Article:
The first time you see the telltale sign of an opossum infestation in your yard—ransacked garbage, or perhaps the opossum itself—it can be tempting to want to take drastic measures…and fast!
What’s the best way to handle these hissing, rat-tailed creatures?
Are they dangerous?
Will they give you rabies?
For the best answers to these questions, read on. We’re here to tell you exactly how to take care of an opossum in your backyard, and whether or not there’s a cause for concern.
Ed has been working in the pest control industry for years helping 1,000's of homeowners navigate the world of insect and rodent management. He manages Pest Strategies now helping homeowners around the world!
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Best Course of Action? Leave Them Alone.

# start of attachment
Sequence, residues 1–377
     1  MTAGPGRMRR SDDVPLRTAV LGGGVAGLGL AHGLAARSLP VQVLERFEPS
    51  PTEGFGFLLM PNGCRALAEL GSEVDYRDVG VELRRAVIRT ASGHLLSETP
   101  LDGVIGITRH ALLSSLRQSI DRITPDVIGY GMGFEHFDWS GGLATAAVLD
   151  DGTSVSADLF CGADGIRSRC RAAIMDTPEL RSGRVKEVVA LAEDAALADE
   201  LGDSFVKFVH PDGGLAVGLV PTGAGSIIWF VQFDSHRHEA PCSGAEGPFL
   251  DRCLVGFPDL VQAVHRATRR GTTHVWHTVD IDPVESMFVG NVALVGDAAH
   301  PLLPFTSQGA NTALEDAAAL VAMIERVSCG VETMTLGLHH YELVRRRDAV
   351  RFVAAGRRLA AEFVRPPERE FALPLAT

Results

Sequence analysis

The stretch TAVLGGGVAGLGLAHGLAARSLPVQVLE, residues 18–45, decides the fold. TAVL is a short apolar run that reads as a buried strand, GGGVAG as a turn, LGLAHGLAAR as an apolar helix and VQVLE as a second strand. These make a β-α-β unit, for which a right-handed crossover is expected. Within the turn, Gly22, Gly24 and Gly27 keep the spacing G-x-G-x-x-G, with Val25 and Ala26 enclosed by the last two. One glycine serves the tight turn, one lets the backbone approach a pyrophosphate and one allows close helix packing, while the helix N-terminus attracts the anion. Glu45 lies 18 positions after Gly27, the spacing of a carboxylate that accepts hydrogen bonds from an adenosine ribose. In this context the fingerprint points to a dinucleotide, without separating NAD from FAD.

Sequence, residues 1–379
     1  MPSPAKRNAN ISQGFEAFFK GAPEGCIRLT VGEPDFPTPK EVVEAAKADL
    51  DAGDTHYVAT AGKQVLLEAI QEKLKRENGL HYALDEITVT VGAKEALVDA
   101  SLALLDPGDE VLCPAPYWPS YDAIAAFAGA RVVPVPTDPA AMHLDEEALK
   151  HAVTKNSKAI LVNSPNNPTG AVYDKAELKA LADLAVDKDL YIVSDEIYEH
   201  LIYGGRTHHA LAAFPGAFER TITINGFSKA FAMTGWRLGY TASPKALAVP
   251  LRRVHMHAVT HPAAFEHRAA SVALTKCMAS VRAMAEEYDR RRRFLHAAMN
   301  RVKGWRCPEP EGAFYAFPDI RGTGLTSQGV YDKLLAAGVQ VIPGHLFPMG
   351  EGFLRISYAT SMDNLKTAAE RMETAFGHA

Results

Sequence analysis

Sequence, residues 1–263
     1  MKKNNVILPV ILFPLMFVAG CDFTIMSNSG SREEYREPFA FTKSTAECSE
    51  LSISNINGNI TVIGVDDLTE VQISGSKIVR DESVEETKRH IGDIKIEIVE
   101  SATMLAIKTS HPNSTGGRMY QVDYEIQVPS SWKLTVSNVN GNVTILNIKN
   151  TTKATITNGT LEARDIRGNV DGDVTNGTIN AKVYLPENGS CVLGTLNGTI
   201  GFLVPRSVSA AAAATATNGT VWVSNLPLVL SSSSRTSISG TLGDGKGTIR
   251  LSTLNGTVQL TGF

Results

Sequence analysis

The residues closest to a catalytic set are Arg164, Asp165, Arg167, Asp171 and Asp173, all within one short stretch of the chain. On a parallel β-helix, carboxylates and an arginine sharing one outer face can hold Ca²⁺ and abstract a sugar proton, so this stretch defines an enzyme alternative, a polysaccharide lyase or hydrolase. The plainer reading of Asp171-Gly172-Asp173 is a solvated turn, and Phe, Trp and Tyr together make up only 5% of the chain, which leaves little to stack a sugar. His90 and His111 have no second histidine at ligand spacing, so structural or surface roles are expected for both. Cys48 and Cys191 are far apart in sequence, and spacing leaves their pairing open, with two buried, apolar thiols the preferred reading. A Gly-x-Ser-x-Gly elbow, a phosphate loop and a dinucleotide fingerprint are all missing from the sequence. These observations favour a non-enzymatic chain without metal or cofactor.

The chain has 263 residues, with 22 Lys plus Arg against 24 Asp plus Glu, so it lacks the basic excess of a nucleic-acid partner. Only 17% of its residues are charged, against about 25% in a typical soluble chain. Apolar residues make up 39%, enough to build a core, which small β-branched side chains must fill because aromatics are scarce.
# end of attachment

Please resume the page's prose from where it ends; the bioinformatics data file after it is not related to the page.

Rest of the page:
That’s correct, your eyes don’t deceive you; the best way to handle an opossum in your backyard or garden is to let nature run its course.
Why shouldn’t you interfere?
For starters, these animals aren’t rabid and they’re probably more scared of you than you are of them. Also, there are a few different answers as to why you should let them stay put.
Keep reading below for detailed explanations as to why an opossum is best left to Mother Nature to sort out.
They Are Nature’s Exterminators
It’s no secret that opossums will eat anything and everything they can find, including all the unsightly bugs and spiders in your garden.
Got mice, rats, snakes, slugs, or frogs creeping around? These are no problem for opossums, even the serpents.
Believe it or not, opossums are immune to snake venom due to a special protein present in their blood.